Wednesday, February 8, 2012

Darren Russell: What's In A Name?

This is a continuation of last Sunday’s blog, by Darren Russell. The Followers of Christ, in Oregon City, claim that the Church of the First Born is not the same church and theology. That is not what the history of the church tells, as Darren so aptly explained in his last post.

What's in a name? That which we call a rose
By any other name would smell as sweet.

 It's an oft repeated phrase from one Shakespeare's tragedies, the words of Juliet to the thought of Romeo who may have to give up his family name to be with her. Stripped of his name and family fortune, he still would have been the man she loved.

So what does the Bible say about names?

When God created Adam, he left it to him to name all the animals of the garden. God knew each and every one but had no need to name them to distinguish them. There were times when he gave people names, and they were always significant. He named Abram Abraham, Jacob Israel and gave the words of the prophecy to Isaiah that the messiah would be called Immanuel. In fact he gave his Son a better name than any of the angels. (Heb. 1:4) Before his birth he sent an angel to name him Jesus, a name meaning savior, a name he lived up to.

He has also promised a name to his people and to Jerusalem:

Behold, the LORD hath proclaimed unto the end of the world, Say ye to the daughter of Zion, Behold, thy salvation cometh; behold, his reward is with him, and his work before him.
And they shall call them, The holy people, The redeemed of the LORD: and thou shalt be called, Sought out, A city not forsaken.
Isaiah 62:11-12

Jesus established his Church while here, and simply called them “my disciples” (John 13:35). Luke said in Acts that the disciples were first called “Christians” at Antioch. Apostle John in his vision referred to the church as “New Jerusalem” (Rev. 3:12; 21:2,10) and this is confirmed by Paul (Heb. 12:22) and is a direct fulfillment of Isaiah's prophecy. Paul goes on to describe the “city of the living God” as a “general assembly and church of the first born...” (Heb. 12:23). Of course the first born is none other than Christ (Col. 1:15), and so it is just a flowery way for Paul to say the “Church of Christ” (Rom. 16:16).

The most common way for Paul to address believers was as “The Church of God” which he uses a dozen times with slight variations. He also referred to this same group as “the churches of the saints” (I Cor. 14:33) but for the most part he simply said “the church”, and all the believers who read his letters or heard his voice new which church he was referring to, there is only one, that of “The Redeemed of the Lord”.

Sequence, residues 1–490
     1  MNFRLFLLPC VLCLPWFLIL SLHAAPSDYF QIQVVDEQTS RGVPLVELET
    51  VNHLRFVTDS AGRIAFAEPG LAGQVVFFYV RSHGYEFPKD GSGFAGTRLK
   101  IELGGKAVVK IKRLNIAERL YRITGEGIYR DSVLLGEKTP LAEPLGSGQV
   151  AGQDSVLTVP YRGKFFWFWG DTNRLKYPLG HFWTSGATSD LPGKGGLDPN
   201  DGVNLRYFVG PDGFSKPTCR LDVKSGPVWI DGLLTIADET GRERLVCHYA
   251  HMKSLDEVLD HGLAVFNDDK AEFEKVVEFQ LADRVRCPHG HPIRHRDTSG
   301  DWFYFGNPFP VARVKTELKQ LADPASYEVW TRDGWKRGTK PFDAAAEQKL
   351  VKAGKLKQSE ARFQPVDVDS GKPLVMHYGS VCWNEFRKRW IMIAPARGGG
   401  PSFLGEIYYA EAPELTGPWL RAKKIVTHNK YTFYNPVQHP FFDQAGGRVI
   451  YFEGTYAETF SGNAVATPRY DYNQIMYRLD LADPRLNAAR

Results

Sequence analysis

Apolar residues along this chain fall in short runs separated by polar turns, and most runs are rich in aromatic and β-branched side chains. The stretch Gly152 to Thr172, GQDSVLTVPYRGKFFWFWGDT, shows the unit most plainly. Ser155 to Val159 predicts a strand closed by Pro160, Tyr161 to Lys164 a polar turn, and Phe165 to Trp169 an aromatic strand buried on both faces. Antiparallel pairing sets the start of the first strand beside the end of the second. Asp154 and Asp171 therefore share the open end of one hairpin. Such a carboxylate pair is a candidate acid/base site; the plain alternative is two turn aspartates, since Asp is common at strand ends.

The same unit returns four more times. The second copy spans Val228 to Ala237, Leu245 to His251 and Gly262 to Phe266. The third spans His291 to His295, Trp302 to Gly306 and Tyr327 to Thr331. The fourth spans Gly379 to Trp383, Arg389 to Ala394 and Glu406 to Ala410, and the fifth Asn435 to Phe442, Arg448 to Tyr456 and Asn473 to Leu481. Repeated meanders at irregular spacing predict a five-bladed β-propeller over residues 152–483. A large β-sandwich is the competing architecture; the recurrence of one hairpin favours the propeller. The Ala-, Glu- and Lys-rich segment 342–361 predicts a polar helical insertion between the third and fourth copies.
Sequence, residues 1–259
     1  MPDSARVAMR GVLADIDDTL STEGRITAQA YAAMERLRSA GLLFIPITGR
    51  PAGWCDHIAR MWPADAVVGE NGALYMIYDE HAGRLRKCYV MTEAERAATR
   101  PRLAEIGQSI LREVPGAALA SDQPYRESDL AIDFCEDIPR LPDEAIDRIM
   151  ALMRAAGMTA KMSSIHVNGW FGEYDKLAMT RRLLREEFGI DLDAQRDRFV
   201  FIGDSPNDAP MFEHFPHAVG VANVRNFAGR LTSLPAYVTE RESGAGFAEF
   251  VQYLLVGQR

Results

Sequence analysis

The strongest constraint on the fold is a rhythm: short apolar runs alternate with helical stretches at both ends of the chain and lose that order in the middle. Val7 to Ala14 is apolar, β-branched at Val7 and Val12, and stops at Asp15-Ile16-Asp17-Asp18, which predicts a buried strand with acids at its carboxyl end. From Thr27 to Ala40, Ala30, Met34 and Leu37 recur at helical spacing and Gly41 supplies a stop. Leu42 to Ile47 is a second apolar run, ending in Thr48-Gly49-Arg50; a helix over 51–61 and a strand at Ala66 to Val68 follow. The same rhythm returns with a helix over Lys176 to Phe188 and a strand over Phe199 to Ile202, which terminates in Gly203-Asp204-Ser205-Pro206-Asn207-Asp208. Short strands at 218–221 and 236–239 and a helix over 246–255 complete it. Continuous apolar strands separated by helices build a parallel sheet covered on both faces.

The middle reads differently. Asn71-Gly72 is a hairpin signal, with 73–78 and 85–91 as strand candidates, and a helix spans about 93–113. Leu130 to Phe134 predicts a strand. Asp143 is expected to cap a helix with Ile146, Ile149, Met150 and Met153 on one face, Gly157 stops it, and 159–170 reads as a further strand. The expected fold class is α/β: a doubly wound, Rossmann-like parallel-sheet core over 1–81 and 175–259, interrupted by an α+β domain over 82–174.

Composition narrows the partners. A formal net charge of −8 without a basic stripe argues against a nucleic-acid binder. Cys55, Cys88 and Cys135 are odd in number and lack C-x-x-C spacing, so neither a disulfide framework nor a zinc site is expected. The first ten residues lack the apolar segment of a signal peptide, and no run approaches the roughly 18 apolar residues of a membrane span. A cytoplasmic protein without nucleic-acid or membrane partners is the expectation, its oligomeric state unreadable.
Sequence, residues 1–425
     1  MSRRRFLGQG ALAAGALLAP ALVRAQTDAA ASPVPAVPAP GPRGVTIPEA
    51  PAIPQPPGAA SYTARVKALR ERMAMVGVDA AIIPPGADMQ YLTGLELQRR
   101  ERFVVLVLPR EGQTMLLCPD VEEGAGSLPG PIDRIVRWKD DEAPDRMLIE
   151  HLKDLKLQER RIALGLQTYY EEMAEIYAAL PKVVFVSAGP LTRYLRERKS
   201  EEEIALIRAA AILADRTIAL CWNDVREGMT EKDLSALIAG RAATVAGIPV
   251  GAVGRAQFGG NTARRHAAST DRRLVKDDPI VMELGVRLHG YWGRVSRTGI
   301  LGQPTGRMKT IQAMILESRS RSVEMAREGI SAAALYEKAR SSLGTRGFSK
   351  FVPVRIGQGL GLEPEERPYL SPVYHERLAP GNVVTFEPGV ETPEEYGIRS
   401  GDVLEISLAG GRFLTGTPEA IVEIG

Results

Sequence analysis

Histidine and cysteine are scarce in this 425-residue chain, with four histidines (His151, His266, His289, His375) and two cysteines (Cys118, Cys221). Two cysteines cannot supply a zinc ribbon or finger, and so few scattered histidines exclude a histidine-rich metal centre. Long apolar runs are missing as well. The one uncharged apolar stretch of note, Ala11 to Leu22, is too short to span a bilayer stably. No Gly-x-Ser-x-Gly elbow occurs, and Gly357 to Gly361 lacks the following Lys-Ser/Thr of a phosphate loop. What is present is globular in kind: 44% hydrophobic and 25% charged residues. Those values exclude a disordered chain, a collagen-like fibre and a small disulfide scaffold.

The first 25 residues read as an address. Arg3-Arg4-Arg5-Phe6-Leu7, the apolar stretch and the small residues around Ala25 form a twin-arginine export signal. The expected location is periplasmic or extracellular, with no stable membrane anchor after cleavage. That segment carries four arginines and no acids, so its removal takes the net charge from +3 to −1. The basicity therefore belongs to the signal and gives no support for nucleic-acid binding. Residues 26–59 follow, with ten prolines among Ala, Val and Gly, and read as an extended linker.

So many names to choose from, so many good names, and people like to hold on to one, as if it had a magical charm to it that will save you in itself. God gave his Son a multiplicity of names (Isaiah 9:6) to describe him more fully, and we should not be surprised that the church, his “New Jerusalem”, the “Bride of Christ” is known by as many different names. As followers of Christ we just need to keep in mind the reputation he earned with God, the name he inherited, and “the foundation of God standeth sure, having this seal, The Lord knoweth them that are his. And, let every one that nameth the name of Christ depart from iniquity.” ( II Tim. 2:19)


  1. The man knows his bible. Thanks for sharing. Now back to Suzi...

  2. They say its not the same because its not the same!

  3. Darren, recently 2 different cotfb families have been charged in the death of their teenage son. One in Washington the other in Oregon. Do you know these families? And Do you have any thoughts on the case's.

  4. I do not know them personally, but know of them from mutual acquaintances and family. What I do know is both of these cases involve older children, 16 and 17 years. It is rare for parents of this age group to be prosecuted. It is becoming the norm in these northern states. the times they are a changin'.

  5. I love your attitude Darren, did you visit the FOC in Oregon city? I heard that some preachers did. Also that they were received politely, strange for the FOC but promising.

    1. No I have not, I would like to, but that will not happen in the too near future. I have met some who have been there in the recent past, and they actually speak very well of the group. There are some concerns, but I believe they can be worked out with faith, hope and above all charity.

  6. No. His name was "Yeshua." Not "Jesus."


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